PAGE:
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CALL FOR PAPERS
Networks in the Global World (NetGloW’18)
July 4-6, 2018 | St. Petersburg, Russia
Deadline: January 15, 2018 (abstracts up to 300 words at
Please consider submitting your work to our session “Shaping Social
Media Discourse: The Roles of People, Institutions, Algorithms, and
Other Network Agents” at the conference “Networks in the Global World”
taking place at Saint Petersburg State University (Russia), July 4-6,
In the rising climate of post-truth and polarization of public
discourses, there is, arguably, more and more attempts to curate
information flows and create calculated publics (Bruns&Burgess 2011)
instead of spontaneously emerging ad hoc issue publics (Habermas 2006;
Bruns 2011) in online communication. On the other hand, the number of
network agents (Latour 2005) both grows in number and diversifies by
type, and today not only ‘ordinary users’ and institutional accounts
play new roles in network constitution. There are also the so-called
algorithmic gatekeepers (Napoli 2015) – the SNS platforms, search
engines, news aggregators, automated news production machines etc. –
who reshape the communication flows and provide new rules of the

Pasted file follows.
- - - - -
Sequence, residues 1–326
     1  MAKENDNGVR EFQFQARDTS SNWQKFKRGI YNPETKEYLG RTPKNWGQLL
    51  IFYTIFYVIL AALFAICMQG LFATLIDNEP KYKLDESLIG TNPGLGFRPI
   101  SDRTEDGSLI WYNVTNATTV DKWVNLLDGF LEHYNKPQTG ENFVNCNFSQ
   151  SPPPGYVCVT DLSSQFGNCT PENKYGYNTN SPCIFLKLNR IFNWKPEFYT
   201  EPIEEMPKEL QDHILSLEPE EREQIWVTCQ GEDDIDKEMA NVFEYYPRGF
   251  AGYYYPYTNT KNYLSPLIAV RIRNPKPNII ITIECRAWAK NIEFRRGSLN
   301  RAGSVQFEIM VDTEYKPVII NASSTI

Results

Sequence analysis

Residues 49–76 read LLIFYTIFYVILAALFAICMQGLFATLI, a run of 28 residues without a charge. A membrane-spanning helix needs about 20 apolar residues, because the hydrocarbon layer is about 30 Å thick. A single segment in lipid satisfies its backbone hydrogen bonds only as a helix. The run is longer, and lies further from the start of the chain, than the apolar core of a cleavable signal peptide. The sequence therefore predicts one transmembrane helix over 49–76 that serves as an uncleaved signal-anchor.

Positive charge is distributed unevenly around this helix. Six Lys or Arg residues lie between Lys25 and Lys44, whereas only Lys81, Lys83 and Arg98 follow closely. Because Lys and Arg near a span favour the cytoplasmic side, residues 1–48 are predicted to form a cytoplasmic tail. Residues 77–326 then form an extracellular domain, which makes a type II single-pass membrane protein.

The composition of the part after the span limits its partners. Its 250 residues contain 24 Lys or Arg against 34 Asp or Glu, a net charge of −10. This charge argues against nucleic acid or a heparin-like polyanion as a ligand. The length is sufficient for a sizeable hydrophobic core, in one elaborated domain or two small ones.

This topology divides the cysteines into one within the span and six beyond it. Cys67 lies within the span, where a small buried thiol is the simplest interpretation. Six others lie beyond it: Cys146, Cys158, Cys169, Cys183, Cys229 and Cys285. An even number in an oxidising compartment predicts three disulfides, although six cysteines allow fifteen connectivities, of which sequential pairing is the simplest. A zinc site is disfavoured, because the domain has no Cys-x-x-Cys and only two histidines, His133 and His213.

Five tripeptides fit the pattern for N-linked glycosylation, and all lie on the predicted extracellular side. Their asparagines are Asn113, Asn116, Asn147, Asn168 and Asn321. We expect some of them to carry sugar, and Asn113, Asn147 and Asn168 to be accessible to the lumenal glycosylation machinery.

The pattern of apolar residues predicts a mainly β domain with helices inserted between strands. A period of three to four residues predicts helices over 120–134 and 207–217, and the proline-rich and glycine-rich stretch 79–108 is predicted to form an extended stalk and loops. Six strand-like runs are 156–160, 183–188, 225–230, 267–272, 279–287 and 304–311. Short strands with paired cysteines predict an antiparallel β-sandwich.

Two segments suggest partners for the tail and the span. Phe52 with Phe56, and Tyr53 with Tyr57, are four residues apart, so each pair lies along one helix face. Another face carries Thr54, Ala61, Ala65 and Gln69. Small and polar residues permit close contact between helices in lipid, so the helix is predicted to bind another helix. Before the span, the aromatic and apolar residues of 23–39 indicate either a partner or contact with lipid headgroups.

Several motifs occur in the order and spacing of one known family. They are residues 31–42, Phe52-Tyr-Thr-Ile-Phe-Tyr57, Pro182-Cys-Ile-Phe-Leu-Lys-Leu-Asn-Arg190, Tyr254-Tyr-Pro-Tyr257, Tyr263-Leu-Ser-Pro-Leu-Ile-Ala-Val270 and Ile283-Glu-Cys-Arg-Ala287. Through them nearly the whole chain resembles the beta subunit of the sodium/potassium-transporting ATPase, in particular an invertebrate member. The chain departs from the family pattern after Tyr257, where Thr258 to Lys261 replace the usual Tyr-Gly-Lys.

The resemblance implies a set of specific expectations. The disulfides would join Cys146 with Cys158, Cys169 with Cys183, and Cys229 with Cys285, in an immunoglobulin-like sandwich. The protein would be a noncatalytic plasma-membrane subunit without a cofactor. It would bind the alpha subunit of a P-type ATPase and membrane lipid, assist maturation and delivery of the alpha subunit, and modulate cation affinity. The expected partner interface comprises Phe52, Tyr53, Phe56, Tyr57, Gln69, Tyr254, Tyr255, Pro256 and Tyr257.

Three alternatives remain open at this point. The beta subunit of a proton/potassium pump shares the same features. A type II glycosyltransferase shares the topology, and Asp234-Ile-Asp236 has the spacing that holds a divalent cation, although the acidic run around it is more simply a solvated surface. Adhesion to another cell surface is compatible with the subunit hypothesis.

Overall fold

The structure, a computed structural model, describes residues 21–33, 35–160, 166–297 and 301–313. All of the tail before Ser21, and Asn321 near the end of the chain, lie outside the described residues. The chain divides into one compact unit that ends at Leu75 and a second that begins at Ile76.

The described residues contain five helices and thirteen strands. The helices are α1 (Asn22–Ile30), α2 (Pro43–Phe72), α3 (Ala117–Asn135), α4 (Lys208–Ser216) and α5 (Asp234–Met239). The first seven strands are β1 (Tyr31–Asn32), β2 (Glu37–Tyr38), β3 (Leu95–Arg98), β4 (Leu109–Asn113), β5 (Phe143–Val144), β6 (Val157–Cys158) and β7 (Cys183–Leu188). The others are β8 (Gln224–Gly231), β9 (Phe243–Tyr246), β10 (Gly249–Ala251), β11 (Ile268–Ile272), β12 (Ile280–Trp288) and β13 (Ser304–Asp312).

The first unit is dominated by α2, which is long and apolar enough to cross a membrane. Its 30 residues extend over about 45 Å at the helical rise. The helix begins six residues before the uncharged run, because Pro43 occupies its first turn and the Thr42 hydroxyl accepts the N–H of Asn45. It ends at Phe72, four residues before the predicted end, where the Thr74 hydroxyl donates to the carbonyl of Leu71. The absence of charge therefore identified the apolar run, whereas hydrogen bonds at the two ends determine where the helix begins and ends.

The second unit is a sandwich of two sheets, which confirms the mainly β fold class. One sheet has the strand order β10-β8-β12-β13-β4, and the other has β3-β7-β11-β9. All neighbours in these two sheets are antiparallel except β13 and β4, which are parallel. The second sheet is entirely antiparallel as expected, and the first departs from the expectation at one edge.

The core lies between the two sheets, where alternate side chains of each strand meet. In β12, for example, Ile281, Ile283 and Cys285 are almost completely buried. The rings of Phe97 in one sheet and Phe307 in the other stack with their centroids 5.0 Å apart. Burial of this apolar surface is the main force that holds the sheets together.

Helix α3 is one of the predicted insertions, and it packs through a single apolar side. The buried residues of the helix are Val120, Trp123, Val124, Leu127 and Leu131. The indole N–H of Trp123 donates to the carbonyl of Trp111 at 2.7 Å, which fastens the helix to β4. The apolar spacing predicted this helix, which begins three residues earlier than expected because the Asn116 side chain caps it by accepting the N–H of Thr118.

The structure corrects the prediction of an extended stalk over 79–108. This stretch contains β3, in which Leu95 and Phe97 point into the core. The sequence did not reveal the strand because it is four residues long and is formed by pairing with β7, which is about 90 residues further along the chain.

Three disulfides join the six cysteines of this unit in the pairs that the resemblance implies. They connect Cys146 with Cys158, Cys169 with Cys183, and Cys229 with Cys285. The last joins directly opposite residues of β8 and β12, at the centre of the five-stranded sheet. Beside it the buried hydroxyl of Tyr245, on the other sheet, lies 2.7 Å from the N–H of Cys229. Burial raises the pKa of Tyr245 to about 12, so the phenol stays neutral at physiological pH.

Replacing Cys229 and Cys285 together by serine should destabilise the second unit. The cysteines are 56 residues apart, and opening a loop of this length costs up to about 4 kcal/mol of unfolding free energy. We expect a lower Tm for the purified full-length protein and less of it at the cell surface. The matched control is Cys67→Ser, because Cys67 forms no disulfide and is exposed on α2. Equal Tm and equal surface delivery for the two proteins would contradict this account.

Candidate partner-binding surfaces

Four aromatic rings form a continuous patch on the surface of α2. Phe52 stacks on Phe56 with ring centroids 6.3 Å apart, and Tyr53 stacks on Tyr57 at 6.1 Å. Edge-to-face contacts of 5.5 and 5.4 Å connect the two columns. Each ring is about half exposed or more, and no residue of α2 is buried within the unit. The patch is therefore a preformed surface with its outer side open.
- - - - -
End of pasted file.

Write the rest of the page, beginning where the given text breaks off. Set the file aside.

communication game. Altogether, this may result into networked
gatekeeping (Meraz&Papacharizzi 2013) where new patterns of dominance
and oppression of may arise within curated and one-sided discourses;
or, otherwise, new patterns of empowerment via discursive citizenship
may emerge across countries.
This session focuses on the role of organized grassroots actors,
institutional accounts, platform algorithms, and inherent discussion
structures in the formation of today’s discourses in social media.
What are the relations between structural position and discursive
strategies of the discussion participants? Do efforts to shape the
discourse really work? What roles media and institutions play in the
formation of structure and substance of social discussions? How do
algorithmic ‘rules of the game’ impact our network neighbors? Does
social representation, or activity, or connectivity, or status (as
measured by network structure parameters) matter for the discourse
emerging in social media, and how exactly? Are left/right and other
political divisions network-dependent? These and similar questions
need to be addressed, and we welcome papers dealing with them,
especially in comparative perspective.
For details, please, contact the session chair Svetlana S. Bodrunova
at [log in to unmask]
Looking forward to your paper proposals!
Standard Fee: 50 EUR
MA and PhD Students Fee: 20 EUR
Workshop Fee: Participation in a workshop does not involve an
The conference will feature a selection of workshops and round tables.
The number of presentations per person is not limited. Abstracts for
each presentation are to be submitted separately, by filling in the
The NetGloW organizers will cover accommodation of MA and PhD students
who submitted the best abstracts.
Registered authors coming from abroad will receive official Visa
invitations and get other support in obtaining the Russian Visa from
the NetGloW organizers.
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